This is exactly the sort of solution needed to solve the problem mentioned by Professor Medhat, and it does not go unnoticed by the regulators. In their recent Outstanding award from Ofsted, the efforts made by the College to address the need for good careers guidance was singled out for praise:
"Managers and staff provide extremely useful and pertinent information, advice and guidance to ensure learners make informed study and career choices. The 'Positive about Futures' team is particularly effective in providing detailed information on employability and labour market trends for managers and teachers to use to inform curriculum planning. Learners make very good use of an on-line resource that provides clear information about jobs and employment opportunities across the region."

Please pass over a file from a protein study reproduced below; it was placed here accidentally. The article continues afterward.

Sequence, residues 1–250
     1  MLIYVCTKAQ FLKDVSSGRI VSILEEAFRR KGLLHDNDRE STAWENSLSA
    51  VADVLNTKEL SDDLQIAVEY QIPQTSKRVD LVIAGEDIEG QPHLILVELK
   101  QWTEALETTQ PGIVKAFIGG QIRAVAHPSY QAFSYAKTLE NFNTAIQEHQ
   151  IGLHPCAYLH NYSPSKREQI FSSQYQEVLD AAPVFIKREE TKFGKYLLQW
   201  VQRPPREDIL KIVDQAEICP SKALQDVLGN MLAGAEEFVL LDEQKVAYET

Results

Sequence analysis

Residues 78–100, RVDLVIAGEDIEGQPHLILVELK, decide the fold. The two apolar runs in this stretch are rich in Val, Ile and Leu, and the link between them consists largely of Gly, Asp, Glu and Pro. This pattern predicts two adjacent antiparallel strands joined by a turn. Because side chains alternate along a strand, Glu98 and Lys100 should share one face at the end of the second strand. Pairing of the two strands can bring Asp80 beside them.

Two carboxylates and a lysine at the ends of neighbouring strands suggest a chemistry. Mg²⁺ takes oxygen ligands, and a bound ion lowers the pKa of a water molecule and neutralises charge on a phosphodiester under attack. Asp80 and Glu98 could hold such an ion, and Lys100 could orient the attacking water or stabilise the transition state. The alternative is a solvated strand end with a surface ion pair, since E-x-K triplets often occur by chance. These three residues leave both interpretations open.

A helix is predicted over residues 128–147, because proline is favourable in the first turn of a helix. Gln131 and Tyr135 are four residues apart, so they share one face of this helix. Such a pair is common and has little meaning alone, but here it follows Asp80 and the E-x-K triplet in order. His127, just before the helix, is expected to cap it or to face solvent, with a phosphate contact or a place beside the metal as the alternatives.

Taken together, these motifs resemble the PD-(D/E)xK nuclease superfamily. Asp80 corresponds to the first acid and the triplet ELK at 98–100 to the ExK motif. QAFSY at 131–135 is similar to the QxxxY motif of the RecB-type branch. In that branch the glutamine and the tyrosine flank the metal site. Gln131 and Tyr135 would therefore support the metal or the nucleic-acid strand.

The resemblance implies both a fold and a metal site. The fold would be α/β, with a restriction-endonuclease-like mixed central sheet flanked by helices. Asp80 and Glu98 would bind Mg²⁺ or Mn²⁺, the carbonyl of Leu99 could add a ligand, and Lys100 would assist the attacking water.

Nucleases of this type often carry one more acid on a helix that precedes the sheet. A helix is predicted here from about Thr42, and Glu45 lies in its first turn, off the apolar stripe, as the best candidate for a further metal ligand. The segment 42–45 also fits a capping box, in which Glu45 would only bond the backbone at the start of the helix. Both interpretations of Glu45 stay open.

In conclusion, I believe that Professor Medhat is right to raise the concerns he has about the sector, and the points he raises have a lot of validity. However, there are solutions to these problems.One of these is access to good data on the needs of local industry, empowering colleges to produce curriculums which meet those needs, empowering learners to choose courses which will lead to sustainable jobs, and persuading funding and qualification bodies of the value in taking this approach. Although Professor Medhat's piece was, by and large, fairly negative, the fact that there are a number of colleges out there already addressing the issues he highlighted is reason to be cheerfully optimistic about the future.
Andy Durman is VP for UK operations at Economic Modelling Specialists International, the labour market information firm